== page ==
Nanowrimo 2015   3 comments

bard-with-luteBard-twoYes — at it again. A rough draft of a novel in 30 days. 50,000 words. No, you don’t need a concept or a website like National Novel Writing Month — Nanowrimo for short — to write any time. But the sense of a community and a horde (300,000 people online qualifies as a horde in my book) of other writers madly hyped on caffeine or other stimulant of choice, all tapping and scribbling out uncensored, fervent prose, can help stir the synapses towards actually getting the words down. Think of it as one possible demonstration of Bardic arts.

nano15pic“Not a problem for you — after all, you maintain this blog, right?” you say. Try 1667 words a day of fiction for a month. Not such an impossibility– serious writers often set something like that as their daily word limit every day of their writing lives. Never done something like it? It can firm your resolve or leave you in the dust. I’ve been in both places. “So how ya doin’ so far?” you ask. Well, everybody starts small. That’s an hour’s work. Onto the rest of the month!

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Images: bard on left; bard on right.

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3 responses to “Nanowrimo 2015

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  1. I’ve got about 1/3 of a novel written from Nanowrimo ’09. My life shifted so much as a result of beginning that novel for three weeks that multiple relocations, career expansion, and a new relationship later, I’m still catching up. In a good way, but sheesh, layers upon layers of changes in my “real” life were required in order to continue writing that particular novel. I’m hoping with this most recent expansion and anchoring of knowledge, skills, awareness and an actual writing office that Nanowrimo ’16 will happen here. Magic 7 or something like that! Many blessings to you in your month of dedicated writing!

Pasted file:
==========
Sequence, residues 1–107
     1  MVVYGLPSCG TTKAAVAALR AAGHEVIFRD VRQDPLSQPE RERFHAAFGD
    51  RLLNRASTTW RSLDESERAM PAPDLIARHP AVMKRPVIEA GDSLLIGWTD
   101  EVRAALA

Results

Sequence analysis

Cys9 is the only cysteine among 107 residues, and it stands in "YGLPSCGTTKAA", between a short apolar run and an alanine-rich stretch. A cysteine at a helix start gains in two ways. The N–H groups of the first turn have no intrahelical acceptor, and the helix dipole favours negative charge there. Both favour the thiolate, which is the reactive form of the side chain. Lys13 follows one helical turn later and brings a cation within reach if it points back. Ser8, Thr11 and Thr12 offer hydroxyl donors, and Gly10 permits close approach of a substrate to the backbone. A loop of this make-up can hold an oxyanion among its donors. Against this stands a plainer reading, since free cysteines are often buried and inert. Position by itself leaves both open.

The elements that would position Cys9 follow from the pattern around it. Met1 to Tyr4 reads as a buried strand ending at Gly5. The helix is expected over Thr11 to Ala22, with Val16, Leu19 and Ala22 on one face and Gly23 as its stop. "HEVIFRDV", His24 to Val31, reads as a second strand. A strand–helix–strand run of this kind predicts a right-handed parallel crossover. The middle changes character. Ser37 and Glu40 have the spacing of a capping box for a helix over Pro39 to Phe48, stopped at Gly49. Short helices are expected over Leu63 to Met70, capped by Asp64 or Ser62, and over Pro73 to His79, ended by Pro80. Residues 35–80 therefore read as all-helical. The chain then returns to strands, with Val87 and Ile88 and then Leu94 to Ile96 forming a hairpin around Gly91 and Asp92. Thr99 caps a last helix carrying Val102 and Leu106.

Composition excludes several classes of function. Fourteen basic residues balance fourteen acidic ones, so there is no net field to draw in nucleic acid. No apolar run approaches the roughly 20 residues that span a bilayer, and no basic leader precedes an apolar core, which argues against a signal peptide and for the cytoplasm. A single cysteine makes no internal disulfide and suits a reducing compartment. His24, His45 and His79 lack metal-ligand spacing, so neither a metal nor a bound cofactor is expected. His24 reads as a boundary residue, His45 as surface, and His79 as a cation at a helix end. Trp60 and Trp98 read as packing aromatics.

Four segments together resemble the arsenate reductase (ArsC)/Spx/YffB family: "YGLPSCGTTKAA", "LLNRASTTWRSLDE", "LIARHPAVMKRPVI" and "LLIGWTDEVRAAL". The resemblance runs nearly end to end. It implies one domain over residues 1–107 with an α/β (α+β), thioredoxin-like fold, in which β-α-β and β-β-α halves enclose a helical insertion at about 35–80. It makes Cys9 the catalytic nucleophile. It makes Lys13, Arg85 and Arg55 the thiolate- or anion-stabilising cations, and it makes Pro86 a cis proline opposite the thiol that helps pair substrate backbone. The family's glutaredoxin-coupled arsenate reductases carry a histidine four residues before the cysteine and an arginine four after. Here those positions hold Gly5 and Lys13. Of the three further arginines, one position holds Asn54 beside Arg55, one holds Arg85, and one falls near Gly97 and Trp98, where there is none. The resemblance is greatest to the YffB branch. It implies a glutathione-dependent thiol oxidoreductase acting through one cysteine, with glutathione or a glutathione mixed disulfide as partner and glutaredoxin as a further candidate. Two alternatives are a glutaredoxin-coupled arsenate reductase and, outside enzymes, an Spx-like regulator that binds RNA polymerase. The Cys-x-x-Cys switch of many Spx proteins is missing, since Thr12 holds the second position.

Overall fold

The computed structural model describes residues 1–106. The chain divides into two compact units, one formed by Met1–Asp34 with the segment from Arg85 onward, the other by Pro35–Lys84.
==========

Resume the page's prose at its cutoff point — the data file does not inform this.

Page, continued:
2. Wow–talk about transformation and a catalyst! Thanks for the good wishes, and right back at you. And a writing office! I use a converted entryway that’s big enough to turn around in, hold a small desk and chair, and little else–except books stacked much too precariously. We start where we are — all we can do anyway. Blessings.

  3. Oh, yes, start where we are. I just realized that where we currently are had some extreme challenges for me to write in. It’s a good home, but it was oppressive for trying to write fiction. When the house next door became available, along with the opportunity to heal that land and establish a firm anchor of healed land in this abused spot of Earth, I took the opportunity.

    It’s not as exotic as it sounds, LOL! 🙂 I use the rest of the house next door for business — larger classroom space, room for community events and housing out of town students. I just claimed the third bedroom as my writing office, because I know some things want out, and for a variety of reasons, they won’t come out in our current home. I think Virginia Woolf had it right about “A Room of One’s Own.” 🙂

    Anyway, I’ll let you get back to your writing! Best of luck to you!

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